I was going to title this, "Hey, I'm back!" (I haven't blogged for a couple of years). Bev tells me this is self-evident, so just get on with it. I've been busy. I have a new YA mystery just out from The Poisoned Pencil, an imprint of Poisoned Pen Press in Arizona. It's called "The Girl in a Coma." See my website for more info ( It's got some American content but is mostly Canadian. Allison Briscoe, the main character, is disabled in the extreme but still manages to solve murder mysteries. In flashbacks to the ancestral past, her forebears also solve mysteries. There's lot's going in. Check it out; pass the word (or the book) on to young readers you know. Next blog, I'll fill you in on other projects in the works. It's good to be back. Cheers

Monday, June 10, 2013

The Dead Scholar

The Dead Scholar is the fourth in the Quin and Morgan mystery series. The first three, Still Waters, Grave Doubts, and Reluctant Dead, have been published by Dundurn Press, who will be publishing number five,"Blood Wine," in 2014.To fill in the long gap and because Dundurn won't publish a novel the length of "The Dead Scholar" (50% longer than the others), I decided to make it available as an ebook. It is an intricate "ship of fools/country house" novel that could not be cut without seriously diminishing its achievement (such as it is). The following is a description of "The Dead Scholar." Give it a try, tell all your friends, enjoy! When the corpse of an elderly professor turns up on Philosophers Walk in the heart of Toronto, fellow members of the Francis Bacon Society are not surprised he was murdered. Each of the twelve eccentrics in this unlikely group devoted to the Renaissance rogue and scholar is profoundly in the dead man’s debt, and each has reasons for wanting him dead. Detectives Miranda Quin and David Morgan are drawn into their midst as the investigation moves from the university environs to a grand summer house in Muskoka, and reaches from the turn of the new millennium back into the bleakest events of the twentieth century, and even beyond, to Elizabethan England and the sordid beginnings of a new world order. "The Dead Scholar" is a drawing room thriller and a black comedy, an exquisitely paced intellectual puzzle and a complex study of quixotic characters whose lives intersect in a web of dark secrets they cannot escape. It is a world where Quin and Morgan find themselves quite at home.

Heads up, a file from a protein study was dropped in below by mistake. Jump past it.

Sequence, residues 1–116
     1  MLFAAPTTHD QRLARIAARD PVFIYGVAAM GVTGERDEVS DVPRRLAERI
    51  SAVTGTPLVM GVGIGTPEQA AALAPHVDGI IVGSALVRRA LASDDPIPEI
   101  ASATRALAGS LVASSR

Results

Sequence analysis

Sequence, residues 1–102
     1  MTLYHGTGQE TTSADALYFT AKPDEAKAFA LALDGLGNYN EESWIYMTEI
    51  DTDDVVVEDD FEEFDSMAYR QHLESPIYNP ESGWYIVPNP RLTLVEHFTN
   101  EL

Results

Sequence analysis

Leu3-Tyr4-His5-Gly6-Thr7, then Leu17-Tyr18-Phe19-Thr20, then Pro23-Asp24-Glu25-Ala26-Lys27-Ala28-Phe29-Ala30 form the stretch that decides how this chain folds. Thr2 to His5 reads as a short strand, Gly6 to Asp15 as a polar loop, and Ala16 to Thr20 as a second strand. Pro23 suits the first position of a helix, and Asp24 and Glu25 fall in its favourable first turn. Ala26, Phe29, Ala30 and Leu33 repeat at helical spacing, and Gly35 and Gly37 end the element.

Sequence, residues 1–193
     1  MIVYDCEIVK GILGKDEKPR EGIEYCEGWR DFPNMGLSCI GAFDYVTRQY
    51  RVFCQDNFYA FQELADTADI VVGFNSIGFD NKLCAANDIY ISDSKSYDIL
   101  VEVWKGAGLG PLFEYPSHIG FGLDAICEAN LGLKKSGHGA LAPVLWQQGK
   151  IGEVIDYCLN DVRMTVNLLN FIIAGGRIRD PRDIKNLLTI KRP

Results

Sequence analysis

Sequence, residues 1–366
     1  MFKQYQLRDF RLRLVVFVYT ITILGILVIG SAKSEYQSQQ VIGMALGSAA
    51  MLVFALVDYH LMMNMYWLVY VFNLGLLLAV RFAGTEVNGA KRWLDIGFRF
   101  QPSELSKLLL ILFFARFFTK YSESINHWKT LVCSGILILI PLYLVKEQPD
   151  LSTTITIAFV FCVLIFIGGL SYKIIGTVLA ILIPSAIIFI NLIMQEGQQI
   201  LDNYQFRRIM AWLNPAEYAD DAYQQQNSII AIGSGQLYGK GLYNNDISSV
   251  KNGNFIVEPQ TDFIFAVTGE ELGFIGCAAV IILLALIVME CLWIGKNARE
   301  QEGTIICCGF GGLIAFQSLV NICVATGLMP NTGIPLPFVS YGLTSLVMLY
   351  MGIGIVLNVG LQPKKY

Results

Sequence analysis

Monday, August 20, 2012

Scenes of the Crime